4 Times It’s Okay to Tell Your Client “No”
Whether you work for an agency or as a freelance developer, telling a client “no” can be awkward or even risky. However, the old adage that “the customer is always right” isn’t true in every case.
In fact, sometimes saying “no” is a necessity. Fortunately, if you turn clients down respectfully and explain your reasoning, these potentially difficult interactions can end up strengthening rather than harming your relationships.
In this post, we’ll discuss four times when it’s best for you to tell a client “no”. Then we’ll give you some pointers to help you handle those conversations effectively. Let’s get started!
1. Fulfilling Your Client’s Request Would Harm You in Some Way
As a web developer, it’s unlikely that a client will ever make a request that could put you in physical harm. However, there are times when they may ask something of you that would negatively impact your mental or financial well-being.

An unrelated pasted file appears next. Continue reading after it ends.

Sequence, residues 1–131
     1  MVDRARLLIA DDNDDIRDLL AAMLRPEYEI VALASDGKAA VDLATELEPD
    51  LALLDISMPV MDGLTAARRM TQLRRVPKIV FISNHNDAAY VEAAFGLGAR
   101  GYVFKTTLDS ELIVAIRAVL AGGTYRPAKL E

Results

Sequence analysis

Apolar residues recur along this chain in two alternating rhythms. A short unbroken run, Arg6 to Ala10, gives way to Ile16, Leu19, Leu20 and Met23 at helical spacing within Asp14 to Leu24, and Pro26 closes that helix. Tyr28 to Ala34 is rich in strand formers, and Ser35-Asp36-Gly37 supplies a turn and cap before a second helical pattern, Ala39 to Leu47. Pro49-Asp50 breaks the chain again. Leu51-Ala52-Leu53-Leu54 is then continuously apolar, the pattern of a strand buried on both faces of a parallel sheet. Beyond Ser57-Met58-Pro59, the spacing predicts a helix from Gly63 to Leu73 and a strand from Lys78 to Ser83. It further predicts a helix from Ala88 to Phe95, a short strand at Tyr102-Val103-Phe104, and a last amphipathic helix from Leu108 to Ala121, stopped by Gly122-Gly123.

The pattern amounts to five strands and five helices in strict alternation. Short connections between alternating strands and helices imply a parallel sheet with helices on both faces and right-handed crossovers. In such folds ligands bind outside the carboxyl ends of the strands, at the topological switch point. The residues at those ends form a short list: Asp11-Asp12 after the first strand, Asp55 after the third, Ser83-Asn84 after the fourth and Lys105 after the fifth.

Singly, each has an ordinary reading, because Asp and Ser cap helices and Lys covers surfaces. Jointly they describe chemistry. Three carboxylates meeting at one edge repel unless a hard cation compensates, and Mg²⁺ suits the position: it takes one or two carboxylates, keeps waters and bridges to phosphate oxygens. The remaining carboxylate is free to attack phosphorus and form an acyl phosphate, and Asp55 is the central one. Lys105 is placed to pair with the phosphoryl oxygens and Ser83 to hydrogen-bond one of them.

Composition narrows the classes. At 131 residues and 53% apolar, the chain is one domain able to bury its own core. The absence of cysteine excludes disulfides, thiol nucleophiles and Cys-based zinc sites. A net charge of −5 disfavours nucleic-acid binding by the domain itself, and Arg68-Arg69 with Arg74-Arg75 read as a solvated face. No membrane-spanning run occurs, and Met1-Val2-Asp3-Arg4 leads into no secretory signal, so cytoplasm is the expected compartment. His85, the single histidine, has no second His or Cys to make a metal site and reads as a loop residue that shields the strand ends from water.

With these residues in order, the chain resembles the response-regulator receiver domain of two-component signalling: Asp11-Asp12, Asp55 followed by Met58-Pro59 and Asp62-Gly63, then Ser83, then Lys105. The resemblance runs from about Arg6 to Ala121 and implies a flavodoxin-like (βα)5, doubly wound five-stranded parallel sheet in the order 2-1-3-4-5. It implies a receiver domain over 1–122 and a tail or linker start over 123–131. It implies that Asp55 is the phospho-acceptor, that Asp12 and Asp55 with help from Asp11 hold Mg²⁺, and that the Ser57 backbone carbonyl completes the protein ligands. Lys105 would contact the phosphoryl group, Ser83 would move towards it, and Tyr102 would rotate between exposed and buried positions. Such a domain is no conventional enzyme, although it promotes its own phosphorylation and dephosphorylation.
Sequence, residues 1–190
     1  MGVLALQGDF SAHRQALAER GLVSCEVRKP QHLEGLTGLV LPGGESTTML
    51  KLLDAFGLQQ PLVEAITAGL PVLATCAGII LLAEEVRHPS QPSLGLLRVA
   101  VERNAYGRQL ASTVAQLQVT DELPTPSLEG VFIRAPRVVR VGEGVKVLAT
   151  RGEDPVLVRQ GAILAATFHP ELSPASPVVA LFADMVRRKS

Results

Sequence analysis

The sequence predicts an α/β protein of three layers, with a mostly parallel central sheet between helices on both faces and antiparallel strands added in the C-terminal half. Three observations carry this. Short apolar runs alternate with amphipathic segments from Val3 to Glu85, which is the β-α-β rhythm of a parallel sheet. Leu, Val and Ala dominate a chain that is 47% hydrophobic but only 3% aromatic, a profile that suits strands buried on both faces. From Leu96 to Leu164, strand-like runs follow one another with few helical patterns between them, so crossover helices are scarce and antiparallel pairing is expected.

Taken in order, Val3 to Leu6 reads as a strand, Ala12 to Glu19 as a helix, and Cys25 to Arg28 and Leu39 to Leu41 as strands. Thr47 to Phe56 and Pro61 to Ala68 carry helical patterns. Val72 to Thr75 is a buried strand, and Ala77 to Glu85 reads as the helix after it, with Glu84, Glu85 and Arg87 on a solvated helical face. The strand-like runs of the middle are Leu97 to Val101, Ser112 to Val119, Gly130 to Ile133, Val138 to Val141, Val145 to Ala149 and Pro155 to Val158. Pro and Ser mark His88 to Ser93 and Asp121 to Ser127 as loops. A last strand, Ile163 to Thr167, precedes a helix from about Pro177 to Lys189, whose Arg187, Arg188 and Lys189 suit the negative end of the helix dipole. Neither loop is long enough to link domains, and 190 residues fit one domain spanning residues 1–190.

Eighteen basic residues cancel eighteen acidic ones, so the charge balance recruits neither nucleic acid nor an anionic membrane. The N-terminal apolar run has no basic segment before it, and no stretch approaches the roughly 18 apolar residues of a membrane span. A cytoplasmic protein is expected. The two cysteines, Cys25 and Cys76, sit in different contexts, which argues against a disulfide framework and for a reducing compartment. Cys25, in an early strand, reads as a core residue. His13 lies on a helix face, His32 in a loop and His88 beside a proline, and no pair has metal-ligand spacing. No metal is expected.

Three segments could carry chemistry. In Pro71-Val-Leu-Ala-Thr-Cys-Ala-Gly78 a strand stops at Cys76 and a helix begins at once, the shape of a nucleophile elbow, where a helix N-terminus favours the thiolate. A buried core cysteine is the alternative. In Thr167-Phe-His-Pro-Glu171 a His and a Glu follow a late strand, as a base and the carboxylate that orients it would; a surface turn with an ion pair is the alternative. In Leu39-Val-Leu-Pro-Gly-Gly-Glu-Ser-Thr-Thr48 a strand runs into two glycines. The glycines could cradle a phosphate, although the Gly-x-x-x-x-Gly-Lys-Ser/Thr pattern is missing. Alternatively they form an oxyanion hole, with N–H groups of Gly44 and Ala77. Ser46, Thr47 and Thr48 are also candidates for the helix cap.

For those in professions that place a lot of demands on their time, burnout is a serious concern. Web developers tend to work long hours to meet version releases and other deadlines. Plus, if you’re a freelancer with an unpredictable income, you’re more likely to feel stressed about your job. These realities can make web developers particularly susceptible to burnout, depression, and anxiety.
Clients can definitely add to your stress, and put a strain on your mental health. If a client is demanding that you put in more time than you’re able to without experiencing a mental breakdown, it’s best to discuss alternative solutions with them. For example, you might ask them to extend their deadline, or offer to pass the project off to another developer.
Similarly, if a client is demanding large chunks of your time, you’ll have less availability for other projects. If meeting a